CLS Mezzanine view of rings
Did you know that by collecting a local tree and soil sample,
you can help scientists study how the trees can improve pollutions in different types of environments?

Students from across Canada are invited to be a part of the Trans-Canadian Research and Environmental Education (TREE) project: a national research program to study the environmental history of their own community. There are modules and activities designed to engage students in STEM and social studies with Indigenous perspectives. While originally written to connect with Grade 8 curriculums across Canada, extensions and detailed information is available to make TREE easily adaptable to connect with curriculum in Grades 6-12. Check out the website to see how TREE connects to curriculum. 

MAD LAB Dendrochronology Lab logo

The CLS is proud to be to working in partnership with the Mistik Askiwin Dendrochronology Laboratory (MAD Lab) to help deliver the TREE program. The MAD Lab has created the tree-ring chronologies and using these, they are able to understand the climate history of various locations, date historical artifacts, and investigate how environmental contamination from humans has changed over time by using tree-ring data. With the TREE program, MAD Lab is investigating the adaptability of trembling aspens (Populus termuloides) to toxins in environments across Canada.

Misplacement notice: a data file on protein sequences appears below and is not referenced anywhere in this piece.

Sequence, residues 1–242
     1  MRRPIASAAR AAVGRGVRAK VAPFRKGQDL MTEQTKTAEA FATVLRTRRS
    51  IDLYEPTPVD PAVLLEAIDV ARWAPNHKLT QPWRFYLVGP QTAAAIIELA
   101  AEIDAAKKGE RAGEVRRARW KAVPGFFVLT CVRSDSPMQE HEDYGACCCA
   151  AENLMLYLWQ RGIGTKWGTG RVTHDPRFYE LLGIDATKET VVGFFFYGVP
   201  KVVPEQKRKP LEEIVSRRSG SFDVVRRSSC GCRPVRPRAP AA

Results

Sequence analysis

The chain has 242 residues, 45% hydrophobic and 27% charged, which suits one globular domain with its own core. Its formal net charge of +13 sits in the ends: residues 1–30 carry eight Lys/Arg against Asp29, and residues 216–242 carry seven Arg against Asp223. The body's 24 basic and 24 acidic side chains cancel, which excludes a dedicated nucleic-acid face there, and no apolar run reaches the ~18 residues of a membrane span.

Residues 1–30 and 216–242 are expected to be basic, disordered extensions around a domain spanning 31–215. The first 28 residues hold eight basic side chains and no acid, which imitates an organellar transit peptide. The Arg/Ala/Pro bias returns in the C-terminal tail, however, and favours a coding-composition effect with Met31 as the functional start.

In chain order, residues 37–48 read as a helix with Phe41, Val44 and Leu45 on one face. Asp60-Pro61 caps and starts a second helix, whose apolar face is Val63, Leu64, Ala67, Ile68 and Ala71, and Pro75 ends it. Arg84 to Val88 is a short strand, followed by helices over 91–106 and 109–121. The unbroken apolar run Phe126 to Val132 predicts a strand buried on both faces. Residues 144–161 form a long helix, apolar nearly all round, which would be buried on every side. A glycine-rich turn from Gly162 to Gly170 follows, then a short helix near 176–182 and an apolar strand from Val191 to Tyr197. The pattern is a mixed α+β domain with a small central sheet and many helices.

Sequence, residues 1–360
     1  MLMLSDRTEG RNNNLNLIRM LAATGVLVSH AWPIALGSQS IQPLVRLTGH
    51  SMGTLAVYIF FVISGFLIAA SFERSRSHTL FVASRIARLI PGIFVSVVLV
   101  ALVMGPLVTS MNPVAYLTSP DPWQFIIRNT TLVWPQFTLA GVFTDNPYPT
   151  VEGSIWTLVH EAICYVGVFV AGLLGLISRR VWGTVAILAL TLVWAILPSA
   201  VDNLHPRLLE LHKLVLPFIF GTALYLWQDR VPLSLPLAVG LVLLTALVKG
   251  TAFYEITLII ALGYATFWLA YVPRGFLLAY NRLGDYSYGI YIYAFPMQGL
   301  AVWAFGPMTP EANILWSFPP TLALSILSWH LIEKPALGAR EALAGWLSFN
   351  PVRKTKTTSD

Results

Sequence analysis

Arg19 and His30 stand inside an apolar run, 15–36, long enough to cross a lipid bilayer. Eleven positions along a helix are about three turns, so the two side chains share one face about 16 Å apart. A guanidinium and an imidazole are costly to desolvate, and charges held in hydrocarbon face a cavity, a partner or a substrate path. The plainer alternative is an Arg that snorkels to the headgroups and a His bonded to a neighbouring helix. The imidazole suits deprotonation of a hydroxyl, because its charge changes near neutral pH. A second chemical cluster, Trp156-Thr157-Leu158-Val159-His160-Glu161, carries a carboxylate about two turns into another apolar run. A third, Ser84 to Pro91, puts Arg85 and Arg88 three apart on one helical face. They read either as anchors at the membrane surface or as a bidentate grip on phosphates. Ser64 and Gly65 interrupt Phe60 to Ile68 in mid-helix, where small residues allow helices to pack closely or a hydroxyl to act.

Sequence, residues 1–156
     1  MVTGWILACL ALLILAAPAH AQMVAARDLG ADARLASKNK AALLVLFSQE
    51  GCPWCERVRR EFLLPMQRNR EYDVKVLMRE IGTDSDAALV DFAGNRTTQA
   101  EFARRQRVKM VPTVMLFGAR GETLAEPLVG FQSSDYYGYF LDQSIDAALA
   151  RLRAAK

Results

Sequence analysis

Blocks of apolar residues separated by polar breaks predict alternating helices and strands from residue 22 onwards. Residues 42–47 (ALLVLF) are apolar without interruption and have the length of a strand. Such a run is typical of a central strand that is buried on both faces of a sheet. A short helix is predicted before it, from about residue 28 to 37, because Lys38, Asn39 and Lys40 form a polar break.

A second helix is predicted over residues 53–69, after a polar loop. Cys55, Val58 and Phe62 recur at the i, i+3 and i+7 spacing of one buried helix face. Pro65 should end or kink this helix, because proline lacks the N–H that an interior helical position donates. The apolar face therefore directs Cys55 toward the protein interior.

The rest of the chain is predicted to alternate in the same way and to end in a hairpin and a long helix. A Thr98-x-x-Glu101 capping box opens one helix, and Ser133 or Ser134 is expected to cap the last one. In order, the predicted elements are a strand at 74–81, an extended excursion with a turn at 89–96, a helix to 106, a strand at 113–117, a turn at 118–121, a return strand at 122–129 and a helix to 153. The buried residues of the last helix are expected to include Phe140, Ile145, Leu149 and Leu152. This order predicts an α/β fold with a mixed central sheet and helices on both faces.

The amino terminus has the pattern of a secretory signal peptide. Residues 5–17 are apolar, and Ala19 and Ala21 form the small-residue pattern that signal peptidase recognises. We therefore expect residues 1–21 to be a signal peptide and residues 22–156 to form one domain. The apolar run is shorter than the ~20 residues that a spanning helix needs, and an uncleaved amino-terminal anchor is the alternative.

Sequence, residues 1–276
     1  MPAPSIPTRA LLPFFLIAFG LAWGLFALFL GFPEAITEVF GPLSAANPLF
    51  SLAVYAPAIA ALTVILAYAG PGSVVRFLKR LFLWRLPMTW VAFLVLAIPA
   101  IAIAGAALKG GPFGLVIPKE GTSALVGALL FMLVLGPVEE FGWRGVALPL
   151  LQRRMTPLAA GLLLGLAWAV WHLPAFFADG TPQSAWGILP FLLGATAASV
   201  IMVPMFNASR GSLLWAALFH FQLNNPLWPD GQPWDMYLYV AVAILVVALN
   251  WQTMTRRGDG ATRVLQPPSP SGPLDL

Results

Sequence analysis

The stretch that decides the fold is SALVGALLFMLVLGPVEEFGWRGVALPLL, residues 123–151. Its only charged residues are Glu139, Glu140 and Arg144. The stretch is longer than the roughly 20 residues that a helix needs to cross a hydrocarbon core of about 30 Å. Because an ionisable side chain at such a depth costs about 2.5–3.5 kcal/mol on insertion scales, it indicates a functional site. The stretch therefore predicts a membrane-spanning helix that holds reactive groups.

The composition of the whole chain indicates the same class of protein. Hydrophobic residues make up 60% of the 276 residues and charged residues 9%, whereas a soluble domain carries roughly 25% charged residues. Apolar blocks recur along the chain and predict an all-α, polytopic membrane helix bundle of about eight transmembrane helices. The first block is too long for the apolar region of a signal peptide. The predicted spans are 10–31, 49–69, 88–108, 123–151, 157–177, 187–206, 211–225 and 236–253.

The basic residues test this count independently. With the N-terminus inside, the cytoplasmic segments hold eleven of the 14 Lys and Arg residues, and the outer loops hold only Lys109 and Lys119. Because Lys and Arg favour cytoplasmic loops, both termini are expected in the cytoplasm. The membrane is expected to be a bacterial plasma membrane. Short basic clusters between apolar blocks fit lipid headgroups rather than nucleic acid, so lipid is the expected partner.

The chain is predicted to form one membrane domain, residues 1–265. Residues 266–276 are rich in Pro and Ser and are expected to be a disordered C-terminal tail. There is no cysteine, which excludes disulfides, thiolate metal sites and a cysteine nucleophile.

How Does it Work?


The TREE Overview Guide summarizes the program, including the curricular and learning outcomes and the Indigenous Languages and Traditional Knowledge used in TREE. 

  • Teacher reviews the available resources and lesson plans to determine where the material best fits their curriculum 
  • Teacher determines when the best time to book the sample collection kit to fit their lesson plan for this project
  • Teacher completes the registration form 
  • CLS Education team member contacts teacher and a TREE kit is booked
  • Class is sent a kit with tools for sample collection
  • Students research events in their community and create a timeline
  • Students collect samples from trembling aspen and nearby soil within their community
  • Samples are sent to the CLS and the MAD Lab for data analysis
  • Data is sent back to students
  • Students analyze their data and compare their results with other classes across Canada
  • Data that has already been collected
Interested in Participating?


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If you’re looking for information on how you can use CLS techniques in your research program, please contact us using this form.

Example queries may include: Feasibility around a potential experiment? A scientific problem we can help you solve? Is your question related to a specific technique? Do you want to know more about how to apply for beamtime?